On the Twenty-first of October, 1967, one of the biggest protests of the 1960’s happened; 100,000 protesters, one fifth of the amount of US soldiers in Vietnam at the time, got together at the Lincoln Memorial and almost one third of them marched to the Pentagon later that night (Vietnam War Protests). After hundreds of arrested protesters, the protest ended, but that did not stop the fiery passion that burned in the hearts of millions of Americans. Protests grew immensely after Martin Luther King Jr. publicized his opposition to the war and the fact that a huge fraction of the casualties of the war were African American soldiers, which not only fueled the fire of the Anti-War protests, but the Civil Rights protests of the same time as well (Vietnam War Protests). The most powerful part of the resistance to the war was the fact that Vietnam War Veterans, many in wheelchairs, crutches, some even partially brain-dead, joined the many protesters on their side. Many of these veterans had to go on living their lives, years later, never being able to share these experiences with their families due to fear of reliving old memories, some are still like that. One family who was very familiar with that feeling is the Cantrell Family of Tacoma, Pierce, Washington.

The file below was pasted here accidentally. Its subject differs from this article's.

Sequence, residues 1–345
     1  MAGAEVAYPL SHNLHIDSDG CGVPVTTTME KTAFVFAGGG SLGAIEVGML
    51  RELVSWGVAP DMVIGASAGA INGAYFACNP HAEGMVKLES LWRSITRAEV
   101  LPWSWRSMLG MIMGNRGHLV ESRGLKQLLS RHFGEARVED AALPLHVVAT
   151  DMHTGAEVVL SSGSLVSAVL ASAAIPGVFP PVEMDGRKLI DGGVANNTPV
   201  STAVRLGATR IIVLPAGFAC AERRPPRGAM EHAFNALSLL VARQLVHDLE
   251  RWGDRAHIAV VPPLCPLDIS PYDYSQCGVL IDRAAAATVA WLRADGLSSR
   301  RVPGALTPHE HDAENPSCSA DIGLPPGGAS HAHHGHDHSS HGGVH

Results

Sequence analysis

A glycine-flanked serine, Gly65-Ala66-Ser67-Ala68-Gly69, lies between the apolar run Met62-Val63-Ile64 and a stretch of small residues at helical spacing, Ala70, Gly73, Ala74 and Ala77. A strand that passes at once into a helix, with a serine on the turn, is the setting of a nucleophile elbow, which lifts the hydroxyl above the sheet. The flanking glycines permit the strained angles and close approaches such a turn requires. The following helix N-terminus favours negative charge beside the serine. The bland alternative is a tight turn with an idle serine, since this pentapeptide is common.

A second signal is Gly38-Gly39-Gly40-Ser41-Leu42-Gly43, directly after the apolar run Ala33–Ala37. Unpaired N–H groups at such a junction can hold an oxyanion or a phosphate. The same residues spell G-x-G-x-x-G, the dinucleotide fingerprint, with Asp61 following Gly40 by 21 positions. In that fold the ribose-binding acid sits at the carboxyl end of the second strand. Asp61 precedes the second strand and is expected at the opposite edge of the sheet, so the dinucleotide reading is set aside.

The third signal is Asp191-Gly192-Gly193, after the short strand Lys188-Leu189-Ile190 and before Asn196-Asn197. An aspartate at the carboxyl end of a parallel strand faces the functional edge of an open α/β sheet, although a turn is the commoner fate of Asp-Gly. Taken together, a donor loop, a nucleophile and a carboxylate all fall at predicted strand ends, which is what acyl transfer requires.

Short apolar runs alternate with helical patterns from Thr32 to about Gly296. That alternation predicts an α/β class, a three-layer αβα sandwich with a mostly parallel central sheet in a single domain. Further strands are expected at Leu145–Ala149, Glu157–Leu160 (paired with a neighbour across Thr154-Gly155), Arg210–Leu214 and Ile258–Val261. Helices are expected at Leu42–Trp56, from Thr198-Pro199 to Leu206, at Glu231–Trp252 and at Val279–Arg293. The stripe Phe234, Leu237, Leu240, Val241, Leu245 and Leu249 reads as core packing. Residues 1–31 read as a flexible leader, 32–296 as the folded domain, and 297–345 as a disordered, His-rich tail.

Jerry Cantrell, the lead guitarist, and co-lead vocalist of the band Alice In Chains, wrote lyrics for the song “Rooster” by Alice In Chains. The song is about Cantrell’s father, Jerry Cantrell Senior’s experience in the Vietnam War. Cantrell Sr. was a prison guard in the 101st Airborne Division. The song really hit home with Cantrell Sr because his war experiences were something that the father and son never really talked about with each other (Truman). Cantrell wrote the song as somewhat of a healing process for his father. Due to the intense experiences that the people of the 101st Airborne Division had to face as one of the longest groups of people in the war, and the many deaths of friends that he had to face and learn to cope with, you can imagine why one would want to keep from talking about it. When Cantrell asked his father about it once, Cantrell Sr. replied “That’s dead, son, let it lie.” (Truman).